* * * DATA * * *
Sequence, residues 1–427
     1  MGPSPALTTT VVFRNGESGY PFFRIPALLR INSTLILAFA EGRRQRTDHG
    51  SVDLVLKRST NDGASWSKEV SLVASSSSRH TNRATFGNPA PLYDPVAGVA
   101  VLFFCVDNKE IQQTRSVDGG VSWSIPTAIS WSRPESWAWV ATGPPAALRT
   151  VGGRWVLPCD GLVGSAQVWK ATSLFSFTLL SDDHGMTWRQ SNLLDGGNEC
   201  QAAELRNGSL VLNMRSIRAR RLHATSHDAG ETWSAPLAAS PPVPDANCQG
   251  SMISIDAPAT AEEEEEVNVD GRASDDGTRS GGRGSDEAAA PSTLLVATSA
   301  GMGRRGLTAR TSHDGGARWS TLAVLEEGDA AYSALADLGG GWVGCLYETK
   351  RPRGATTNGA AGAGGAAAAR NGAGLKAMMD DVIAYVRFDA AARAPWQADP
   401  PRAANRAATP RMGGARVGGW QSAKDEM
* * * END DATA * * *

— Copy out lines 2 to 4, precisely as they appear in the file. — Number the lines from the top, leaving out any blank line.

     1  MGPSPALTTT VVFRNGESGY PFFRIPALLR INSTLILAFA EGRRQRTDHG
    51  SVDLVLKRST NDGASWSKEV SLVASSSSRH TNRATFGNPA PLYDPVAGVA
   101  VLFFCVDNKE IQQTRSVDGG VSWSIPTAIS WSRPESWAWV ATGPPAALRT